A sensor device in according to one embodiment includes a plurality of transmitter electrodes comprising a first set of electrodes and a second set of electrodes, wherein the first set of transmitter electrodes and second set of transmitter electrodes are disjoint and have different sizes; a plurality of receiver electrodes; and a processing system communicatively coupled to the plurality of transmitter electrodes and the plurality of receiver electrodes. The processing system is configured to simultaneously transmit a first plurality of transmitter signals with the first set of transmitter electrodes during a first period, and to simultaneously transmit a second plurality of transmitter signals with the second set of transmitter electrodes during a second period, wherein the first period and the second period are non-overlapping, wherein, during the first period, each of the first plurality of transmitter signals is based on a different sequence of a code, and, during the second period, each of the second plurality of transmitter signals is based on a different sequence of the code, wherein the code comprises a set of mathematically independent sequences and has a size equal to the size of the first set of transmitter electrodes. The processing system is further configured to receive first resulting signals during the first period and second resulting signals during the second period; and produce a plurality of demodulated signals based on the code, the first resulting signals, and the second resulting signals, and to determine positional information for an input object in a sensing region of the input device based on the demodulated signals.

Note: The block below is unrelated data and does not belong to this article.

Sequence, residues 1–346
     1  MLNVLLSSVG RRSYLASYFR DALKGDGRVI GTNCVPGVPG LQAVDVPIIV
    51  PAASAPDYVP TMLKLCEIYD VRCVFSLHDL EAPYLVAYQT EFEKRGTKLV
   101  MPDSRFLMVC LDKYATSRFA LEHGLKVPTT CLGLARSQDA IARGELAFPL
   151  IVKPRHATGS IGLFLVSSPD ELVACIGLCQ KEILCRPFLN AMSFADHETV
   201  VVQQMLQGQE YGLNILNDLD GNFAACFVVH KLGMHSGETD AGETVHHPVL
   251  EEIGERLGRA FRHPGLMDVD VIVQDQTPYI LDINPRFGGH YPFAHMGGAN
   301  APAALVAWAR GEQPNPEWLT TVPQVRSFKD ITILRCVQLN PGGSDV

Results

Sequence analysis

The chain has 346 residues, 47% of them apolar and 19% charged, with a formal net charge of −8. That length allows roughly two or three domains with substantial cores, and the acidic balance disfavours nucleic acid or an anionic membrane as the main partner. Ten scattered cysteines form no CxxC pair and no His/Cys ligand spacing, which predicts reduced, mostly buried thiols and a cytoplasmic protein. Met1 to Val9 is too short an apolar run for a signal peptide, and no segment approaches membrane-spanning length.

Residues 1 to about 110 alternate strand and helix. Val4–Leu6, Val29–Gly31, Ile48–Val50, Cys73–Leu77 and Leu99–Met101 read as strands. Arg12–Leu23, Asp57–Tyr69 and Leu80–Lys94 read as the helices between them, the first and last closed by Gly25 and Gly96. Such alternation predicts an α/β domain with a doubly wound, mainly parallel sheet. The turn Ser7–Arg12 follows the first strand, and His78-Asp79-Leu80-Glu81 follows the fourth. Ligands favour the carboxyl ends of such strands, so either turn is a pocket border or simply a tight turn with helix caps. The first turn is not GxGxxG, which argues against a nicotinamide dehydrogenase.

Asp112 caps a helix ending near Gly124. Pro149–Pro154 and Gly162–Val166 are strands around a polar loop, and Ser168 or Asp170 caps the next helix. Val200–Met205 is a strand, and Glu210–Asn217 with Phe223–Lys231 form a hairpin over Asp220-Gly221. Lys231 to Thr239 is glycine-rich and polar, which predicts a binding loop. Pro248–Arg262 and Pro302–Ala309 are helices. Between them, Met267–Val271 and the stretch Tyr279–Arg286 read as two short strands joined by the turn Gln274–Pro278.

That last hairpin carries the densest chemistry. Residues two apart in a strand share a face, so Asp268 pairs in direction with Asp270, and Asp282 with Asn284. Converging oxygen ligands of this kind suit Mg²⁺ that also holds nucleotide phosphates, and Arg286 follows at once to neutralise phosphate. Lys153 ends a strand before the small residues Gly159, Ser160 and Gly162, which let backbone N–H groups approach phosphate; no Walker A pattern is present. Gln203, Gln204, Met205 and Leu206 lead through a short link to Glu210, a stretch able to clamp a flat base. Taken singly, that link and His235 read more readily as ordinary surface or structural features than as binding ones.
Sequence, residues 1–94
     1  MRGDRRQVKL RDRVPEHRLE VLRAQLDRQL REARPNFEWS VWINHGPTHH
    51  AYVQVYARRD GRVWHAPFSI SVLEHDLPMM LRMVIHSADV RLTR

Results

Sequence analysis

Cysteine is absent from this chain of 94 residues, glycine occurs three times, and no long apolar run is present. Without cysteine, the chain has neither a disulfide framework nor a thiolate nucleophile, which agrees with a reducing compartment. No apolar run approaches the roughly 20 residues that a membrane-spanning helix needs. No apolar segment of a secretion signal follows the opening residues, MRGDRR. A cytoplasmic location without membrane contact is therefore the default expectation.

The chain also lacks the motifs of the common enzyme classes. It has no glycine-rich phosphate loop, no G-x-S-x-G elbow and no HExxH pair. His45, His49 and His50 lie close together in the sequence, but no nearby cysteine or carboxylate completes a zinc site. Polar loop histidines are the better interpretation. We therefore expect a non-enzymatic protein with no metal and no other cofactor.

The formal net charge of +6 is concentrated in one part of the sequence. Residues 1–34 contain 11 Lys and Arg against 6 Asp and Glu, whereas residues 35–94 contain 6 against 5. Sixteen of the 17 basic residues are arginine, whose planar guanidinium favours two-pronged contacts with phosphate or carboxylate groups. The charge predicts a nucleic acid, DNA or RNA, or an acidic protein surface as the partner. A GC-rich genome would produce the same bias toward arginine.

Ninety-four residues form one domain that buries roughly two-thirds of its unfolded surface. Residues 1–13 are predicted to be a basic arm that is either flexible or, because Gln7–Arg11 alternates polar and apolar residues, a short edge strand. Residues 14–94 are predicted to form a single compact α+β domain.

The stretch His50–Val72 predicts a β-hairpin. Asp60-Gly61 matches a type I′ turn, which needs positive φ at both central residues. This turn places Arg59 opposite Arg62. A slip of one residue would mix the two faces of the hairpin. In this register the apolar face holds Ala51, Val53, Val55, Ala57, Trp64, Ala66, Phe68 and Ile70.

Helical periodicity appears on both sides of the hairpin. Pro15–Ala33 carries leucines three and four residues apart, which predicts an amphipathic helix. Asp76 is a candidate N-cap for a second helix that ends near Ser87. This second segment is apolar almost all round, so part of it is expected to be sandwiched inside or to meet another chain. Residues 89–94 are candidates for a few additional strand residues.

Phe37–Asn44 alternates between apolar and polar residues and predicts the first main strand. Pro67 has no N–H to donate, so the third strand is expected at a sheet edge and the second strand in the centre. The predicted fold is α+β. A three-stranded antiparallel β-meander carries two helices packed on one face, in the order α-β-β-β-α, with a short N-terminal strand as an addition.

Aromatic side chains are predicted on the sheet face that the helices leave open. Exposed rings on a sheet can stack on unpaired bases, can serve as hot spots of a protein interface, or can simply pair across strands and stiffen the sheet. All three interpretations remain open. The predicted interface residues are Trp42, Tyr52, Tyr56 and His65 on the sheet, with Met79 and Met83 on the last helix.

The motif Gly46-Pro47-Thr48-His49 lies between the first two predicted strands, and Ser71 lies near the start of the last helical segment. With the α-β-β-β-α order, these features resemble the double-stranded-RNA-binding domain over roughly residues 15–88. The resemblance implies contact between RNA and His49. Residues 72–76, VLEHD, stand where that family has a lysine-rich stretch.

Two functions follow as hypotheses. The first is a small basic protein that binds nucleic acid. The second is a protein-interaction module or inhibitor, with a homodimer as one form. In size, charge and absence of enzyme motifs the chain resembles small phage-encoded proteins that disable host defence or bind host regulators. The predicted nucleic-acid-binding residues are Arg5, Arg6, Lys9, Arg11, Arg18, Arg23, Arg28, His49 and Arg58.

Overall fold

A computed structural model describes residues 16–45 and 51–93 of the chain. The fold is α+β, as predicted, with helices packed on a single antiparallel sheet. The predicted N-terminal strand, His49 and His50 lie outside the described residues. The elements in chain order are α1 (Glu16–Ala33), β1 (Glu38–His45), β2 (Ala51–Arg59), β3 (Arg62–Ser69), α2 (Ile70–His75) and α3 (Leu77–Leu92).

A method of capacitive sensing in accordance with one embodiment includes: simultaneously transmitting a first plurality of transmitter signals with a first set of transmitter electrodes during a first period, and simultaneously transmitting a second plurality of transmitter signals with a second set of transmitter electrodes during a second period, wherein the first set of transmitter electrodes and second set of transmitter electrodes are disjoint and have different sizes, and the first period and the second period are non-overlapping; wherein, during the first period, each of the first plurality of transmitter signals is based on a different sequence of a code, and, during the second period, each of the second plurality of transmitter signals is based on a different sequence of the code, the code comprising a set of mathematically independent sequences having a size equal to the size of the first set of transmitter electrodes; receiving first resulting signals during the first period and second resulting signals during the second period; and producing a plurality of demodulated signals based on the code, the first resulting signals, and the second resulting signals, and to determine positional information for an input object in a sensing region of the input device based on the demodulated signals.